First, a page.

Dig Pink Impacting Breast Cancer Internationally

I recall my apprehension after getting a text from my previous volleyball captain asking me whether I would like to continue Dig Pink at our school. Coming into a new season, I was afraid of the new leadership position, worried about living up to her achievements with the “Play for Pink” campaign, and uncertain I could make such a big impact off the court.

However, my feelings soon changed. I remember stepping into the first class of the year at Taejon Christian International School in South Korea. I found my teacher absent. I was told she had been diagnosed with breast cancer over the summer and was undergoing treatment. My heart went out to her, and I became determined to overcome my fears and take this opportunity to start a new tradition.

Learning More About Breast Cancer

At this time, I received the excellent opportunity to meet with a breast cancer surgeon at Ewha Womans University Hospital. I needed to educate myself about breast cancer before starting a campaign about it. My friend’s father was a breast cancer surgeon, so I thought this was the perfect opportunity to learn about the treatment process patients go through. According to the Global Cancer Observatory, breast cancer is the second most common type of cancer in South Korea, with 59.4% of cases falling into this category (Korea, Republic of Source: Globocan 2018).

The surgeon explained the different treatments patients undergo, such as chemotherapy, radiation and endocrine therapy, or immunotherapy. Chemotherapy takes about six months to completely kill the cancer cells. However, it can also destroy other healthy cells in the body, making it a painful process. I realized that it takes so much courage and will for these patients to fight through breast cancer.

Doing More To End Breast Cancer

When I detailed our teacher’s situation to my teammates and why we should help cancer patients, they were excited for another year of Dig Pink and determined to support our teacher. We all agreed to design pink jerseys as substitutes for our white home jerseys for the event. After creating a logo with our school’s dragon mascot and a ribbon, my friend and I collaborated to produce a promo video for the campaign. I posted it and the logo on Facebook, asking everyone to “Keep Playing Pink” this fall season.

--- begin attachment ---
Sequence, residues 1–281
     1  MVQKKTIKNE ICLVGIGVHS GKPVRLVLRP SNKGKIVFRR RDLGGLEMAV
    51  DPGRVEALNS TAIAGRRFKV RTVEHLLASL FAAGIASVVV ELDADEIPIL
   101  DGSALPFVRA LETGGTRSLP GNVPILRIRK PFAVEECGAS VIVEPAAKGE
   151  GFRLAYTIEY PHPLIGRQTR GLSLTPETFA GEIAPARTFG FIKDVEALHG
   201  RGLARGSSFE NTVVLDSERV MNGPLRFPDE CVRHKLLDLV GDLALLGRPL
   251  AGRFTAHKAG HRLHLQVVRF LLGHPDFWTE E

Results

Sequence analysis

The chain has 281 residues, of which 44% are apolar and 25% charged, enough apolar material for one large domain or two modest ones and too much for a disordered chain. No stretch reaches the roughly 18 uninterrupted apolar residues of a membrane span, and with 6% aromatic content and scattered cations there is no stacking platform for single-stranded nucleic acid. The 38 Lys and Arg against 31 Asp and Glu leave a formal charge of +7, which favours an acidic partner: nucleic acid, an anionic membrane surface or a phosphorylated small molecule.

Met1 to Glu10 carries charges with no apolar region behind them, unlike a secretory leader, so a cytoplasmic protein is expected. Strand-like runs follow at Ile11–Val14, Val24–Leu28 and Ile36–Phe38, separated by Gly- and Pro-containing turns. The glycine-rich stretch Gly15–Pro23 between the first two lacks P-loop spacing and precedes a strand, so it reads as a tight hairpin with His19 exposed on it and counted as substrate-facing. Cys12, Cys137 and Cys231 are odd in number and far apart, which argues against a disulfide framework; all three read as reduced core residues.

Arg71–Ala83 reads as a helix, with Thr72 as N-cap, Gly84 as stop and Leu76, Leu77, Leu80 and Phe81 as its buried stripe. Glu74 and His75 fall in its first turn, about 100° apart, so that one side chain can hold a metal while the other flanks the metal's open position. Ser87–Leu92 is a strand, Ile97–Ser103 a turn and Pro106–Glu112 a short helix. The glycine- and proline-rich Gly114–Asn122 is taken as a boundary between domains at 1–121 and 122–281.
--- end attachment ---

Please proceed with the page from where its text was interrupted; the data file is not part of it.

Then, I personally contacted the teachers at our school to promote the campaign, and they were willing to share my post. My friend who helped with the logo also designed a new pink t-shirt to sell to our school community. Additionally, I ordered a variety of pink merchandise, which is not very familiar in Korea.

I was further determined to bring this event to our small school community when my teacher emailed me, saying how she felt very touched when she learned we were holding this event. She said that this opportunity gave her courage and strength to fight. She also explained how she wanted students to understand that cancer can easily be prevented with healthy eating and lifestyle habits. I was surprised to learn so much about breast cancer and came to a final goal for this event: I wanted our small school community of 350 students to come together to connect with this teacher battling breast cancer and learn the importance of raising funds to help people like her.

The event day finally arrived, and we were able to sell out all the pink merchandise, raising $925, which greatly exceeded our goal of $500. Everyone looked outstanding in the pink merchandise, and all the teams dedicated pink sportswear for this event. There was a huge pink wave for the pep rally, and games that tied in with the meaning of breast cancer awareness were held before the volleyball games. Right before the warmups, I particularly remember standing in front of the 350 students and teachers, thanking every single person in that gymnasium for supporting such a meaningful event. Afterwards, many teachers and students commented how this event made them think of something beyond the wins and losses.

Organizing a Dig Pink event changed how I thought about this season. My worries about winning and losing no longer mattered as I realized the power of the love in our community: the greatest success comes from the love we share with the people around us. We were all in for this one teacher, and I believe that our community was using its passion and love for sports to help others. I am so proud of bringing a new spirit and tradition into our small school with Dig Pink and the support we have given to our beloved teacher.

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